3. At this point, each of us can examine our conscience, we can do it now, everyone answering for himself, inside, in silence: So far how have we responded to God’s call to holiness? But do I want to improve, to be a better Christian? This is the path to holiness. When the Lord calls us to be saints, he does not call us to something hard or sad… Not at all! It is an invitation to share His joy, to live and offer every moment of our lives with joy, at the same time making it a gift of love for the people around us. If we understand this, everything changes and takes on a new meaning, a beautiful meaning, to begin with the little everyday things. An example. A lady goes to the market to shop and meets another neighbor and starts talking and then comes the gossip and this lady says, “No, no, no I will not gossip about anyone.” That’s one step towards holiness, this helps you to become more holy. Then, at home, your son asks you to talk to him about his fantasies: “Oh, I’m so tired, I worked so hard today…” – “But sit down and listen to your son, he needs this.” And you sit, you listen with patience… This is a step towards holiness. Then at end the day, we are all tired, but prayer… We must pray! That’s one way to holiness. Then Sunday comes and you go to Mass and to take Communion, at times, a good confession that cleans us up a little. This is a step towards holiness. Then, Our Lady, so good, so beautiful, I take up the Rosary and pray. This is a step towards holiness. And so many steps towards holiness, little ones… Then I go down the street, I see a poor person, someone in need, I ask him, give him something, another step towards holiness. Small things are small steps toward holiness. And every step towards holiness will make us better people, free from selfishness and being closed in on ourselves, and open us up to our brothers and sisters and their needs.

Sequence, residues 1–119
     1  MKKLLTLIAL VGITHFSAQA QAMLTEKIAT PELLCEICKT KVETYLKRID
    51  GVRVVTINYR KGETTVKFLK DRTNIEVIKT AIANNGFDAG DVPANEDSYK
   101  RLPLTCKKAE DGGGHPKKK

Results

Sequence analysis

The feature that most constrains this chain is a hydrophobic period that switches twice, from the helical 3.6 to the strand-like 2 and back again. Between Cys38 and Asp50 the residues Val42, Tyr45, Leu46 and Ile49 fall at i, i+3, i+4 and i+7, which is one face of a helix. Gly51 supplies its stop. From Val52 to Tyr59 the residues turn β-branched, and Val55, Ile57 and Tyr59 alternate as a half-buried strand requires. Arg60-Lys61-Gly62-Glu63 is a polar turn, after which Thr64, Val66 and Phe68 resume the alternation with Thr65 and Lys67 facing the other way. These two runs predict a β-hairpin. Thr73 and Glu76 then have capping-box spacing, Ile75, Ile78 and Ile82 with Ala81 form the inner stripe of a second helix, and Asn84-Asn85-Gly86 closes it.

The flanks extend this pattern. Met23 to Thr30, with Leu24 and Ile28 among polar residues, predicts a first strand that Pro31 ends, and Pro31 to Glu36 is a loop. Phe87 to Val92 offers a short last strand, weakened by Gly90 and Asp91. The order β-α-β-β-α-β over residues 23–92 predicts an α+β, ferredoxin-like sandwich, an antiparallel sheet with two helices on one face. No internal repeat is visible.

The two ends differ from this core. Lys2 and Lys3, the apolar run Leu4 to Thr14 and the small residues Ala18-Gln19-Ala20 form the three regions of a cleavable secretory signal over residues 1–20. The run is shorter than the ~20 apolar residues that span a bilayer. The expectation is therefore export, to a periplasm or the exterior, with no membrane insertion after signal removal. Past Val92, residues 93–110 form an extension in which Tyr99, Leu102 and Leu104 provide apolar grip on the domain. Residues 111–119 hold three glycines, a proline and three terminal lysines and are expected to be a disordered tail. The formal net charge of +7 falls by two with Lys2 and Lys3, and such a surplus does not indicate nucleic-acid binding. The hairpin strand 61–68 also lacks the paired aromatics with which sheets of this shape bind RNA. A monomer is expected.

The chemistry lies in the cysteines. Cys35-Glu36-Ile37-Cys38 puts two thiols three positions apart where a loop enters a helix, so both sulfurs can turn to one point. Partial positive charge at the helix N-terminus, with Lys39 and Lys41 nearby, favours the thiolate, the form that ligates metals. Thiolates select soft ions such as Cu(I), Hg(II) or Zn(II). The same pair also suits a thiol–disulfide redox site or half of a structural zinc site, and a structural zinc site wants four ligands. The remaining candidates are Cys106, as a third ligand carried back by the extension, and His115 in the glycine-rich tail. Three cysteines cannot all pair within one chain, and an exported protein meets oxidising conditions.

Dear friends, in the First Letter of Saint Peter we hear this exhortation: “As each one has received a gift, use it to serve one another as good stewards of God’s varied grace. Whoever preaches, let it be with the words of God; whoever serves, let it be with the strength that God supplies, so that in all things God may be glorified through Jesus Christ, (4.10 to 11). Here is the call to holiness! Accept it with joy, and let us support one another, because we do not travel the path to holiness by ourselves, no, each on their own, but together, that one body which is the Church, loved and made holy by the Lord Jesus Christ. Let us go forward with courage, on this path towards holiness. Thank you.
After the catechesis Pope Francis made the following appeal:
Friday, November 21, on the liturgical memorial of the Presentation of Mary in the Temple, we celebrate the Pro Orantibus, dedicated to cloistered religious communities. It is a good opportunity to thank the Lord for the gift of so many people who, in monasteries and hermitages, dedicate themselves to God in prayer and silent work, recognizing the primacy that only He deserves. We thank the Lord for the testimony of cloistered life. May they never lack our spiritual and material support to carry out this important mission.
And in his greetings to Italian-speaking pilgrims, the Pope appealed for prayers for the victims of flooding in northern Italy:
We remember, too, the victims of the recent flooding in Liguria and in the north of Italy: Let us pray for them, and for the families, and let us be in solidarity with those who have suffered damage.